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OC Register: Twins prospect Royce Lewis, Torii Hunter have known each other for years … without knowing it

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As the Morton’s Steakhouse in South Coast Plaza wound down for the night, William Lewis was still pouring wine. A restaurateur’s hours are long, the perks often subtle.

One subtle perk: it isn’t easy for a ballplayer to get clean, change his clothes, leave Angel Stadium after the final out, and still have time to eat a steak and drink a glass of wine. All of Orange County closes shop too soon, or at least it did back then, Lewis said. He began as a sommelier at Morton’s when Manager Terry Collins wore a pinstriped periwinkle jersey and Gary Disarcina, Dave Hollins, Troy Glaus and Darin Erstad were the big names in town. He saw them often.

“They would call me,” Lewis recalled. “That’s how they got to know me because I would be open a little bit later. They would just give me a quick call. … We could take care of the guys, they would be in there for the most part by themselves. There wouldn’t be fans bugging them. They could have a nice dinner. They could just be guys eating their dinner, and they would get out of there.”

As Lewis poured the wine – he was Morton’s sommelier and assistant general manager – he did not discuss baseball. Win or lose, the conversation was the same. How’s your wife? How are the kids? How’s the wine?

The faces changed over the years – Howie Kendrick, Jered Weaver, Torii Hunter – but a baseball player’s quest for a good, late meal did not. It helped that visiting teams often stayed at the Westin Hotel down the street from Morton’s. Lewis said he gathered a decent collection of autographs over the years, something he could give his son one day.

Years later, Lewis decided to strike out on his own. He opened his first Winery Restaurant and Wine Bar in Tustin in 2007. A third location opened its doors in La Jolla five months ago. Business is good. That ought to please Weaver and Erstad, whom Lewis said helped with his initial investment.

Lewis, a former football wide receiver at Fullerton Junior College and Chico State, said he told his family that famous athletes sometimes stopped in for a meal. Hunter, a frequent diner during his years with the Angels (2008-12), just happened to be one of his oldest son’s favorite players. But if William Lewis specifically mentioned getting to know Hunter, Royce Lewis doesn’t remember.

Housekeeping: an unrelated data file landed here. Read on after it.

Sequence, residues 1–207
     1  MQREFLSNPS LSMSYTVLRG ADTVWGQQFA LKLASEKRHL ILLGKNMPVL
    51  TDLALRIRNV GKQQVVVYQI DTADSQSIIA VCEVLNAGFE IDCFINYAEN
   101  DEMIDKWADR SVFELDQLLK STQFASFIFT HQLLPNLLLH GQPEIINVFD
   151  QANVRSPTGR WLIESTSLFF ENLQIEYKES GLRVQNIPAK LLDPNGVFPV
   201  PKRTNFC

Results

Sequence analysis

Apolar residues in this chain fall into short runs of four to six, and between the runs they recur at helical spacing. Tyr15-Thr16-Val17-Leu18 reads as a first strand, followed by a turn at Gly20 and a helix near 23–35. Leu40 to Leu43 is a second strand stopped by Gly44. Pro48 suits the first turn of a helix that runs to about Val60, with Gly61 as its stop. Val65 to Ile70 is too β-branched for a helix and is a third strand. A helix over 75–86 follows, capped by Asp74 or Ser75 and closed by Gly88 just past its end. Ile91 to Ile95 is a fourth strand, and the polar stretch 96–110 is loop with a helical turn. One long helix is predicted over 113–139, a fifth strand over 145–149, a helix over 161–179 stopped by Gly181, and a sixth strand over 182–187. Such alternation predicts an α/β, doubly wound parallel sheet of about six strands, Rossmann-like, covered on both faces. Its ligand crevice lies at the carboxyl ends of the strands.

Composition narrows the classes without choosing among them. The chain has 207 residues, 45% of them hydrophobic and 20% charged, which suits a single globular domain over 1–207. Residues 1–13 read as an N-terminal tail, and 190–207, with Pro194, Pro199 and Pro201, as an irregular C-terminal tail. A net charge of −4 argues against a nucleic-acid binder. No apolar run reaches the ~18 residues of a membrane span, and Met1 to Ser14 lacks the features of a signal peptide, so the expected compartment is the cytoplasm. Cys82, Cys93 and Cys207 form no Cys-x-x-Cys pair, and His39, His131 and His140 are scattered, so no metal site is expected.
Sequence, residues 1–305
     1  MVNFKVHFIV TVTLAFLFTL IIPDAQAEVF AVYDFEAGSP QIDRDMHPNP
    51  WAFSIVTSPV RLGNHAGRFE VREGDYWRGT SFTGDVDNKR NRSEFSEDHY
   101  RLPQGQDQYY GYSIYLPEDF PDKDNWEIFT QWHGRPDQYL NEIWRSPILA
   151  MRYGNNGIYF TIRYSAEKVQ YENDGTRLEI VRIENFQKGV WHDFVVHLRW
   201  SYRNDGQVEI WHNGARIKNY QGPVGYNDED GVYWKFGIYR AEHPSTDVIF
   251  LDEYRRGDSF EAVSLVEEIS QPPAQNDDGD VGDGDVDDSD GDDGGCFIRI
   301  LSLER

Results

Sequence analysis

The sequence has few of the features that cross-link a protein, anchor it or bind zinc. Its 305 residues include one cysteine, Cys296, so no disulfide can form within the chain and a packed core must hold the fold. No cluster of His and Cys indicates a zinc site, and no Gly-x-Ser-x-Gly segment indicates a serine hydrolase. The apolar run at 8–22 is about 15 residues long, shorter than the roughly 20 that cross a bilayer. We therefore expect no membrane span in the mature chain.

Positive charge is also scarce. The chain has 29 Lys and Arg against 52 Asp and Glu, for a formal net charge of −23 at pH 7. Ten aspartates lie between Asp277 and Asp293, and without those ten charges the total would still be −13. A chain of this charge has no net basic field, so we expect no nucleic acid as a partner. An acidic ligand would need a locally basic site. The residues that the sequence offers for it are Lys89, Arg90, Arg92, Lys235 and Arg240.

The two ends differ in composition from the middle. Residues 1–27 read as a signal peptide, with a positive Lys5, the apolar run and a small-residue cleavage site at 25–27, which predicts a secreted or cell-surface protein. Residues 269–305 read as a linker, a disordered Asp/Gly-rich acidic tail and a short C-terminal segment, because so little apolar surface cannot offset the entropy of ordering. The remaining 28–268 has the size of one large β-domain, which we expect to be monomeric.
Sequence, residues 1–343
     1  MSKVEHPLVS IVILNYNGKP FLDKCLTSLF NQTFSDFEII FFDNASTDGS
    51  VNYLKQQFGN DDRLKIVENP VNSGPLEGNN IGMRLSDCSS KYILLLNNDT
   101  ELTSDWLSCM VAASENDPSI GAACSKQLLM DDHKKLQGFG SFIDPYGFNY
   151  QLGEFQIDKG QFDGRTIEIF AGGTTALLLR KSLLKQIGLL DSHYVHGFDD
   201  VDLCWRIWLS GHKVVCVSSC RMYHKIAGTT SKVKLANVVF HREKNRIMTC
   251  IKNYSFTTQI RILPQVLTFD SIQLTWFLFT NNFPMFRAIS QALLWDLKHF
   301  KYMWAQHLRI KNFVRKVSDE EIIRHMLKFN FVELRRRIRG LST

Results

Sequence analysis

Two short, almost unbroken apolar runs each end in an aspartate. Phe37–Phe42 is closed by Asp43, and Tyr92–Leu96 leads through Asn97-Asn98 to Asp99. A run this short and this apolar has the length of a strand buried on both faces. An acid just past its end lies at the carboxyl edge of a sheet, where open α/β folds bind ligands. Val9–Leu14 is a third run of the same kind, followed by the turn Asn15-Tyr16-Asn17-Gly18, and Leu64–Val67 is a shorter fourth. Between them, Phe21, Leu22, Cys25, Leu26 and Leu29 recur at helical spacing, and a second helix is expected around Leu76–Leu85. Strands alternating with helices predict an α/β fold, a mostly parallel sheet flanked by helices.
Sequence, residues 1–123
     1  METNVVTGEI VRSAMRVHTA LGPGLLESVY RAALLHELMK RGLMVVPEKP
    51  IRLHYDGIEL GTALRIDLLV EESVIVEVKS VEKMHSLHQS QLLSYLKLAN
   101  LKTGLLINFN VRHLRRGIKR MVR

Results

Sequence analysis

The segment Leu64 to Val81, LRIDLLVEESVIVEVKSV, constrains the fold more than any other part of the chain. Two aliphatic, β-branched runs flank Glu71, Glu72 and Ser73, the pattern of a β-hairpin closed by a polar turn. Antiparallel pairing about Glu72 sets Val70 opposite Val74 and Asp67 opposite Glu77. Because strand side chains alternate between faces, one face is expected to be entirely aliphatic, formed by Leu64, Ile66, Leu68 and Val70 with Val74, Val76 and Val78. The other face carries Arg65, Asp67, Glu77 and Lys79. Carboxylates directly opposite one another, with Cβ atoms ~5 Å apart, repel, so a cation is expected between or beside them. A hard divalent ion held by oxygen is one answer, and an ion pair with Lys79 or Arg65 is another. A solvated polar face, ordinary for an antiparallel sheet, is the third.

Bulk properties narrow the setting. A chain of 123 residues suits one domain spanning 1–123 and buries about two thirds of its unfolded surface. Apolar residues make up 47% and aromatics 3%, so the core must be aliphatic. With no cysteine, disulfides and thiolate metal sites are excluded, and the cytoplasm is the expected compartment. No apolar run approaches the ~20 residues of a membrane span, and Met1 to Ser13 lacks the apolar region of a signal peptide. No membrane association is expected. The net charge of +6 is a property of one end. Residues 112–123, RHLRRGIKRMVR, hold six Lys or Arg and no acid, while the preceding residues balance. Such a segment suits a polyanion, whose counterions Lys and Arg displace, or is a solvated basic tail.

“(Hunter) gave my dad his phone number but he kept it real low-key,” Royce said. “He never told me (Hunter) was in his phone contacts. I’d ask him, ‘did you see him hit a home run?’ He’d say, ‘yeah it was cool.’”

Royce Lewis turned into a pretty good baseball player himself. In four years at JSerra Catholic High, his team won three Trinity League championships. In 2016, Lewis won a gold medal with the USA Baseball 18U National Team. Pick an individual award given to the best baseball players in Southern California; Lewis probably won it.

In June 2017, the Minnesota Twins held the first overall pick in the amateur draft. Hunter was nearly two years into his retirement and a special advisor to the Twins’ front office. He was the perfect bridge from chief baseball officer Thad Levine and General Manager Derek Falvey to whichever young man heard his name called atop the draft.

Lewis, a shortstop, was the Twins’ choice at number 1. That was the day he remembers his father breaking the news: oh yeah, by the way, I’ve known Torii Hunter for years.

That was the day William Lewis broke the news to Hunter: oh yeah, by the way, you just drafted my son.

Hunter “was just surprised that I didn’t tell him,” William Lewis said. “Then he was happy for me. He said, ‘you didn’t tell me?’ I said I’m not going to talk about my kid who’s 10 years old when I met him. That’s how long ago it was.”

Flash forward a year. Royce Lewis said he and Hunter have their own relationship now. After last season ended, Lewis spent about a week with Hunter at his home in Dallas. Just like his father, Royce Lewis didn’t always talk about baseball with Hunter: “Tutoring. Life skills. He taught me how to live my life, do it the right way.”

The early reviews on Lewis the baseball player are good. He has a .302 batting average for the Cedar Rapids (Iowa) Kernels, the Twins’ Class-A affiliate. Tuesday, he played in the Midwest League All-Star Game. William Lewis flew out for the occasion. Hunter was there, too. Royce Lewis went 1 for 2 with a single and a stolen base.

The off-the-field reviews on Lewis are very similar to the off-the-field reviews of Hunter.

“He’s such a good kid, he doesn’t want to disappoint anyone,” said Jeremy Zoll, the Twins’ director of minor league operations. “That comes in the form of answering all the fan mail, reading every letter, signing for the fans, saying yes to the interview requests. That’s different than being a high school player in Orange County, even with all the attention that comes with that. Toby Gardenhire (the Kernels’ manager) is trying to help him with it.”

If there is a moral to this story, it’s that in baseball, it isn’t always about who you know.

William Lewis had plenty of opportunities to share glowing reviews of his teenage son’s baseball career with the professional athletes who ate at his restaurant. He didn’t. He didn’t want to. His son got a $6.725 million signing bonus anyway.

With Hunter, “we just talked about family, the kids, things like this – normal conversation, you know – and just feeding him a good meal,” William Lewis said. “If he wants a nice glass of wine, he knows where to go.”

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